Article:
Acute pancreatitis is an inflammation of the pancreas at sudden onset, which may be mild or severe. Professor Alessandro Zerbi, Head of Pancreatic Surgery at Humanitas, spoke about acute pancreatitis in a video interview with Corriere della Sera.

“Acute pancreatitis is a disease that has great variability, so in some cases it can be very serious, even fatal, while in others it can represent an episode almost trivial from a medical point of view. This polymorphic and variegated aspect makes it a pathology that is a bit insidious and also feared by patients”, Professor Zerbi explained.

“The characteristic symptom is a very severe pain, which often patients report as the strongest pain they have ever experienced, localized at the highest quadrants of the abdomen and often radiating to the back. Pain can be associated with vomiting and sometimes with an impairment of the general condition, precisely because of its intensity.


The most common causes

“The most frequent cause, especially in our Mediterranean nation, is gallstones. The duct (called biliary duct) that carries the bile from the liver to the intestine crosses the head of the pancreas in its last tract. Sometimes small calculi may move from the gallbladder to the biliary tract and their transit through the final tract within the pancreas may temporarily obstruct the conduit leading the pancreatic juice to the intestine. This duct in fact joins – in its final part – with the biliary duct and the obstacle to the discharge of pancreatic juice causes an acute inflammation of the pancreas.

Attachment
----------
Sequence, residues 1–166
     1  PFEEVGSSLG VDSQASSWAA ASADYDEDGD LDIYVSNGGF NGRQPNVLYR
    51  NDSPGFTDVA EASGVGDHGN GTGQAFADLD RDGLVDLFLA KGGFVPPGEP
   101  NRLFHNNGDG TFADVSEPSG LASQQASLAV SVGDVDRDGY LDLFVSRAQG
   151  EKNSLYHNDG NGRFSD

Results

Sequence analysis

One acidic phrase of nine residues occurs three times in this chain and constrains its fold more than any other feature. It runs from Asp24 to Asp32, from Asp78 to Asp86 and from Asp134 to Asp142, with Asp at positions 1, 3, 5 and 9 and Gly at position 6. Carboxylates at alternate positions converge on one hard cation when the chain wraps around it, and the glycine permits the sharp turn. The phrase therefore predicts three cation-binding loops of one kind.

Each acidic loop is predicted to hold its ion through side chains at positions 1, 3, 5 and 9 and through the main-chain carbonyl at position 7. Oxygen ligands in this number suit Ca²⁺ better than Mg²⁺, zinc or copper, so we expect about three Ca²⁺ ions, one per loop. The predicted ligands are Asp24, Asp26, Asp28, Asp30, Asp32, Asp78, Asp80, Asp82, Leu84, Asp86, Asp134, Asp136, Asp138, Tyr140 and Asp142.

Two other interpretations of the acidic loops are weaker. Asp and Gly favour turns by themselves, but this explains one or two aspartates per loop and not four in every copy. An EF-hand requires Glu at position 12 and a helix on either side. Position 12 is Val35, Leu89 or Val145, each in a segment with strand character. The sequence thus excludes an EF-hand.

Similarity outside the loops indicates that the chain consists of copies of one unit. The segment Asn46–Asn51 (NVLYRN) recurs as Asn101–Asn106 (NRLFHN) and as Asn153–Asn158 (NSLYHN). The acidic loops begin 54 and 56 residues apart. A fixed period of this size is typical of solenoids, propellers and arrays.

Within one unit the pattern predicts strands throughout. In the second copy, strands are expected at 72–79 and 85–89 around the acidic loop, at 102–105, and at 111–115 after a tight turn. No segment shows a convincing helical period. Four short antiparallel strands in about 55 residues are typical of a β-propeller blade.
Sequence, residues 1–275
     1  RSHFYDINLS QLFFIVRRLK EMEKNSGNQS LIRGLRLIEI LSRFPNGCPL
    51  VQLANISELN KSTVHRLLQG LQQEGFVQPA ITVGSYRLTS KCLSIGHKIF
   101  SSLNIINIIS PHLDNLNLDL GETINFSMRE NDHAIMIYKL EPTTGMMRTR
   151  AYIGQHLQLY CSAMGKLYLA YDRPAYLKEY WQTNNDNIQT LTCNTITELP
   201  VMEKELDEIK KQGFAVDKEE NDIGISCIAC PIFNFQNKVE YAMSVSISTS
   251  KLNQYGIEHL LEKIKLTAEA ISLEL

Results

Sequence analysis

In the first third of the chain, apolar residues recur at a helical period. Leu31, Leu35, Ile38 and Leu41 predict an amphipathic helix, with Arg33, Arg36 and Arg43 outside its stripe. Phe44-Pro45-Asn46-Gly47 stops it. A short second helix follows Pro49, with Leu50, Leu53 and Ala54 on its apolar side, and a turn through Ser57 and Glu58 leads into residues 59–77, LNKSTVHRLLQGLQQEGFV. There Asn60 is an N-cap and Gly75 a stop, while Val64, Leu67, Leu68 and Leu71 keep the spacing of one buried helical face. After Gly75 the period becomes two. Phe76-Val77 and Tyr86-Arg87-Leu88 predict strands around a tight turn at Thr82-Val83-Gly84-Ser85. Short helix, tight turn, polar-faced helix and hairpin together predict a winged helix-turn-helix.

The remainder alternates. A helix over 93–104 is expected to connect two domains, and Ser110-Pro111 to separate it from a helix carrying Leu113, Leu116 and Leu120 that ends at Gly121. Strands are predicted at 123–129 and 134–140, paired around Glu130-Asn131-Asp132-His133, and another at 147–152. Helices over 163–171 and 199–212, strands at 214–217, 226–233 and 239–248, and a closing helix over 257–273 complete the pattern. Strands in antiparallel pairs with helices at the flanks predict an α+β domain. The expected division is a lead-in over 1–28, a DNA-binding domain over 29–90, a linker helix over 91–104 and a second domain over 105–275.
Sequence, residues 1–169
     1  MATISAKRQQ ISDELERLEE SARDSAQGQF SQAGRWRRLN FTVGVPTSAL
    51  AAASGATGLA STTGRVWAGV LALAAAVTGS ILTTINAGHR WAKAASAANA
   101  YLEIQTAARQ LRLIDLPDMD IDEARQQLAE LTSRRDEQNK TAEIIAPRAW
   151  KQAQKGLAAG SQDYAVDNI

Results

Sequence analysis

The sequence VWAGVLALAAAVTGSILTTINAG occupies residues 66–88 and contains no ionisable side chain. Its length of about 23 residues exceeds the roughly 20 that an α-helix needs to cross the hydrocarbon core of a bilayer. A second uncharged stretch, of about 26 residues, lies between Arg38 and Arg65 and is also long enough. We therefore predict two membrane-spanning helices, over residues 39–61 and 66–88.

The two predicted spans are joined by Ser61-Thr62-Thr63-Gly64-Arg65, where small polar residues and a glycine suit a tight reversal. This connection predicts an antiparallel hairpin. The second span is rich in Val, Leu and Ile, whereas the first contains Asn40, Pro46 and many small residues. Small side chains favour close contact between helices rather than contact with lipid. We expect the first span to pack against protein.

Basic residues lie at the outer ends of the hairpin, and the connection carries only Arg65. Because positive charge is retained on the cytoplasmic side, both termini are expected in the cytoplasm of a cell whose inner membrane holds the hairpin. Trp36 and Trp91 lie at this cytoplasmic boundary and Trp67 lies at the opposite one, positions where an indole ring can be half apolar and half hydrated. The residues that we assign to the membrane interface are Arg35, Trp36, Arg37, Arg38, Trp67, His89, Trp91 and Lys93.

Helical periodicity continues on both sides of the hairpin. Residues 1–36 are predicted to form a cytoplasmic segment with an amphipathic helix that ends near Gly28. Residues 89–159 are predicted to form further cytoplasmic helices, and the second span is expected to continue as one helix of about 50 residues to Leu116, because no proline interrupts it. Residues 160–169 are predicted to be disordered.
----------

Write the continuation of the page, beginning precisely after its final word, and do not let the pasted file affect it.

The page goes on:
Acute pancreatitis is sometimes the first clinical manifestation of cholecystic calculi.

The second cause, although very different from the first in terms of appearance, is the abuse of alcohol, not intended as chronic consumption of alcohol but as a single particularly abundant drink,” emphasized the specialist.


A more conservative approach

“Acute pancreatitis is cured regardless of its cause and requires fasting of the patient, who will be administered with phlebous to return lost fluids to the body. If the condition is mild (and about 85% of cases are), two or three days of this treatment are sufficient to resolve the situation.

In very severe forms, however, treatment options can be different and more complex. The treatment may also require hospitalization, sometimes even in intensive care in the presence of damage to many other organs (such as kidney, lung, circulatory system).

Today, compared to a few years ago, we are more conservative, with a preference for a medical, endoscopic or radiological approach rather than a surgical one,” concluded Professor Zerbi.